Kingsmill first UK bread brand to use carbon label

By Lindsey Partos

- Last updated on GMT

Related tags: Carbon trust, Carbon dioxide, Bread, Food

Tapping into growing demand for foods with greener credentials, Kingsmill has become the first major bread brand to tackle lifecycle emissions by employing the Carbon Trust's carbon reduction label.

Three sub-brands of Kingsmill – Great Everyday white, Tasty Wholemeal and 50/50 – that together represent 80 per cent of the brand's volume sales, will carry the trust's logo from the end of June.

"The Carbon reduction label tells you that we have made a clear commitment to reduce the carbon footprints of our loaves over the next two years and that the Carbon Trust will hold us to this promise,"​ said Kingsmill.

Food firms are increasingly taking a hard look their supply chains, honing in on the carbon intensity at every link in the chain, and constructing new procedures to reduce their carbon footprints.

Carbon trust

Recently launched by the UK's BSI British Standards, the Department for Environment, Food and Rural Affairs (DEFRA) and the Carbon Trust, the PAS 2050 standard – the methodology used for Kingsmill – allows businesses to measure the greenhouse gas emissions of their products.

In the case of Kingsmill, the trust's label reflects a detailed carbon footprint for a loaf of bread, from growing the wheat that makes the flour, to the baking process, distribution, and in household consumption.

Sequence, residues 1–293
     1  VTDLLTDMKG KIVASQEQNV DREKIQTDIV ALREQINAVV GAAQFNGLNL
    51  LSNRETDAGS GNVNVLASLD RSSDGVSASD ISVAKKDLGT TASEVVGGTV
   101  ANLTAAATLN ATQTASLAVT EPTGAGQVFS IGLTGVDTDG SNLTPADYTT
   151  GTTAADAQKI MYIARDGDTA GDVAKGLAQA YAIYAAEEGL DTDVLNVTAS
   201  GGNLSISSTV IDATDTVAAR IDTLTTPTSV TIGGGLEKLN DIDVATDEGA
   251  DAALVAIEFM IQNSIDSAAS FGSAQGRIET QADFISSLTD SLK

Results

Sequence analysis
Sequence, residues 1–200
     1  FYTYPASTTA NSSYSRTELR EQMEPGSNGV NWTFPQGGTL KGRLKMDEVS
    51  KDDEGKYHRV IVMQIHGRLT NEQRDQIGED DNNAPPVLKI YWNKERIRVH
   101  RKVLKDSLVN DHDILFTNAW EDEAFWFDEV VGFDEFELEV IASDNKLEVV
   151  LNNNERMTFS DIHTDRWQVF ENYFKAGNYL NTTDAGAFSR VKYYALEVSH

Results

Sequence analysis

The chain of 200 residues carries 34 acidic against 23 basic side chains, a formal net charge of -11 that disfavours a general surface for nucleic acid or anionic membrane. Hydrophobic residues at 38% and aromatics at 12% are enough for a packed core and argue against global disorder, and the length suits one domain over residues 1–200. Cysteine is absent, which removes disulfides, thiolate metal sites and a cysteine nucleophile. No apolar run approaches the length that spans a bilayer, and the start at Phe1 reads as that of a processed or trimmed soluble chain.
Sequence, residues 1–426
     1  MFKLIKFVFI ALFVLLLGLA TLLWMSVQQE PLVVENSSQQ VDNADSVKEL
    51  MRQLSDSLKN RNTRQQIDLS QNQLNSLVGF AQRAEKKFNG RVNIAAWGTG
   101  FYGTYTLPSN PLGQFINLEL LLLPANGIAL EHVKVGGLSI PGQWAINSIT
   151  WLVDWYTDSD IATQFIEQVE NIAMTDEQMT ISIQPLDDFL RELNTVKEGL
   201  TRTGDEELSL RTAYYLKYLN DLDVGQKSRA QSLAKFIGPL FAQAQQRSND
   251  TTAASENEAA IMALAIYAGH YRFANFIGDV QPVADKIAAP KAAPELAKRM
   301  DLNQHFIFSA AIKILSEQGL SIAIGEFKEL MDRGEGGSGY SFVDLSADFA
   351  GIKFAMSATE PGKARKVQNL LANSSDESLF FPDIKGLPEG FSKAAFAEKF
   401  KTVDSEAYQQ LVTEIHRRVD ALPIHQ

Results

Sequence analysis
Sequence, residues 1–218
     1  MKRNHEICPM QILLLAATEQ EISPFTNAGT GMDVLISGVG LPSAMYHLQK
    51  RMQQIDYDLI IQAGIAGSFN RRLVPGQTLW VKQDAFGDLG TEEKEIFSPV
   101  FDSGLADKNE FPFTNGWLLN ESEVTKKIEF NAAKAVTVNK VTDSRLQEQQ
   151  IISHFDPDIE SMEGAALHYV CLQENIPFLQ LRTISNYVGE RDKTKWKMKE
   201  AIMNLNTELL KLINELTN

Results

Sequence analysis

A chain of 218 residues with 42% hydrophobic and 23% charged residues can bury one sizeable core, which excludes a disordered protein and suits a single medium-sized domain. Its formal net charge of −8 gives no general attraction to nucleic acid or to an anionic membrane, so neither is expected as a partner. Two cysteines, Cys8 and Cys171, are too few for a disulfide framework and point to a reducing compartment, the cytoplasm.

The Carbon Trust said the food industry was showing a lot of interest in the scheme.

"We've been approached by more than 200 companies who want to work with us, and the bulk of interest is coming from food and beverage companies,"​ Euan Murray, carbon footprinting general manager at the Carbon Trust, informed BakeryandSnacks.com recently.

Being green

Green initiatives have become a vital component of being in business as increasingly militant consumers factor green issues into their buying patterns.

Despite the economic downturn, a recent UK government survey suggests consumers are still prepared to buy green.

A YouGov 2000-person poll conducted earlier this year found that two thirds of consumers say it is important to buy from environmentally responsible companies, with one in seven voting with their feet by opting not to buy from a company based on their environmental reputation.

Further, nearly two-thirds – 62 per cent – of consumers say environmental concerns influence their purchasing decisions 'the same as a year ago',​ according to the poll data.

"We believe companies that take real action will seize the dual benefits of immediate cost savings and a stronger reputation, which is good for business,"​ said Harry Morrison, head of the Carbon Trust Standard.

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